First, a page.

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Technology - Supporting Women Engineers

Usha Shastry

The mission of the Society of Women Engineers (SWE) is to encourage
women to consider careers in engineering. I am proud to be the President of
the Boston section (www.swe.org) of such a noteworthy organization. In my work with SWE-Boston, I've come across many young women,  without role models who are not excited about math and science. Math homework is  often viewed as a chore, and too "hard" by these young women.  However, I've noticed that the students who excel, often have parents or other mentors who encourage their pursuits in math and science. As a college student, one of five women in a class of 50 Electrical Engineering students, I noticed that many of my female classmates had a mom or dad in the engineering or sciences. As a child I remember my parents helping me with my math homework. Math was always viewed as challenging and exciting by both of my parents.

Recent remarks by Harvard President Lawrence Summers have spawned
extensive debate in the national news media. Dr. Summers suggested that
women have less "innate ability" at science and math than men. As a
woman with a  masters degree in Electrical Engineering, I strongly
disagree with the remarks of President Summers. His remarks only add
fuel to the old stereotypes and biases about women and science.
However, I do feel that women are not encouraged as much as men are to
pursue careers in science and math, and as a result are underrepresented in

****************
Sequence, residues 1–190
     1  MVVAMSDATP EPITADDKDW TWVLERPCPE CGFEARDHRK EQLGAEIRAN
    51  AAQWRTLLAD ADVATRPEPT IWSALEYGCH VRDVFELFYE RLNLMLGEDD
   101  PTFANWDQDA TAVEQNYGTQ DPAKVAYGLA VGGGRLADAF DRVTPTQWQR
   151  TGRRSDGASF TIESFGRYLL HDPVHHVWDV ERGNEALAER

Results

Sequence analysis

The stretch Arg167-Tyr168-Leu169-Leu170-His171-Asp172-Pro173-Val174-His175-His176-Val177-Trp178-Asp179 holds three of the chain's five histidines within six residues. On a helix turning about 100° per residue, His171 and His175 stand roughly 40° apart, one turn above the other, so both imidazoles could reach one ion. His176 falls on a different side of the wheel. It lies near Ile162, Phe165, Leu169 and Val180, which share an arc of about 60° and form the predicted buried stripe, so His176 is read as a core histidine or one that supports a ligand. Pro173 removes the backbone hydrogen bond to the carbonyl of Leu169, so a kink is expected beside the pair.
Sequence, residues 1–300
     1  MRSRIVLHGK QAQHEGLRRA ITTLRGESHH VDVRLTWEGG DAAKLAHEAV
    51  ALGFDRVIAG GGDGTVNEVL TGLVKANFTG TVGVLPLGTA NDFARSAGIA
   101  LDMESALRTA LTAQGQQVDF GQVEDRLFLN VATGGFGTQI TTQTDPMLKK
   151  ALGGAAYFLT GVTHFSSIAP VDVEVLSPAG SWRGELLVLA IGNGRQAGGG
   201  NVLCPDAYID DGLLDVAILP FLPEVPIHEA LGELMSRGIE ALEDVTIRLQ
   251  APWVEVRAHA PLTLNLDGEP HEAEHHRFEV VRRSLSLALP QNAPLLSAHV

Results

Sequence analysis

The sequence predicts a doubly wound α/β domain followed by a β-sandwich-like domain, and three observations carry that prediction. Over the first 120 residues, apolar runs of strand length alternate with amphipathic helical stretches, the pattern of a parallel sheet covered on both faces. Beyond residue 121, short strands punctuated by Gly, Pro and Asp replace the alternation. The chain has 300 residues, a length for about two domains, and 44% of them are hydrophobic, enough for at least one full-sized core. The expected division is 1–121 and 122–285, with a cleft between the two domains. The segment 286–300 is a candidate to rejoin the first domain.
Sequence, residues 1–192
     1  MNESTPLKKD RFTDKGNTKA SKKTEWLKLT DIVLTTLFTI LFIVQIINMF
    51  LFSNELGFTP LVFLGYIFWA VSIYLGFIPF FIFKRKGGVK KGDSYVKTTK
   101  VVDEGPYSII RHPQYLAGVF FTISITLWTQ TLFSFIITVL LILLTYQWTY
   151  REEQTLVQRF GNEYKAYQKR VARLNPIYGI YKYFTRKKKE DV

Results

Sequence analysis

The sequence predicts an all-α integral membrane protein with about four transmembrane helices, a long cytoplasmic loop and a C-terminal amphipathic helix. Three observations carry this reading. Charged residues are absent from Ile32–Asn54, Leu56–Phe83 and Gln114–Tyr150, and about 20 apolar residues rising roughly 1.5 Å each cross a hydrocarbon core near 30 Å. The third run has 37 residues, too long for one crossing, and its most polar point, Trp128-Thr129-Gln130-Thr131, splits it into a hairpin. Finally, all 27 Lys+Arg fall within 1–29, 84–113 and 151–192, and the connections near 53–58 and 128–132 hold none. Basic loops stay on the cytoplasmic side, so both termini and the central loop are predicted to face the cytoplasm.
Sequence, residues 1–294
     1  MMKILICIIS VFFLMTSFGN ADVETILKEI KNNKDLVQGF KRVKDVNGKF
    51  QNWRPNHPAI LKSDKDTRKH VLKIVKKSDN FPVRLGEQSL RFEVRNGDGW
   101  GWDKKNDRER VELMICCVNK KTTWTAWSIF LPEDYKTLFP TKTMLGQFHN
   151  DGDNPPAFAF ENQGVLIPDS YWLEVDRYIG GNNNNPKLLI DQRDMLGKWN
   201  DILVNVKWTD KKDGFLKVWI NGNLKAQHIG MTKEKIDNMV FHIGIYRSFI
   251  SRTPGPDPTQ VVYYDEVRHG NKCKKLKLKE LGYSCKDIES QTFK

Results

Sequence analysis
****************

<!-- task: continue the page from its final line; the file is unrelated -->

these fields.

In order for the U.S. to stay competitive with the rest of the word in
the development of technical innovations, a more diverse talent pool of
engineers and scientists must be developed. Careers in the science and
engineering require an exchange of ideas. We cannot afford to
exclude an entire population of people with unique ideas and
perspectives from the technology side of our economy. We should all try
to do our part to encourage young women around us to pursue careers in
the science and engineering. The Society of Women Engineers (SWE) is
committed to doing just that! See (www.swe.org) for more information. The monthly meetings address a topic of interest to women in diverse areas of engineering, at various stages of career advancement, and with different priorities for work/life balance.

My primary focus as President is to increase career guidance for young girls. As part of the goal, SWE is organizing a Girls Scout badge workshop in Engineering at Tufts University on March 19th. To be part of this event and others, please feel free to contact me. In addition, I strongly urge the practicing Indian-American women scientists and engineers to become members of SWE and help achieve its objectives.

(Usha received her BSEE from University of Rochester and MSEE fro Suny Binghimton and currently works for BAE Systems, Hudson, NH. She is the first Indian-American to serve as the President of SWE-Boston Chapter. She can be reached at usha.shastry@swe.org. )

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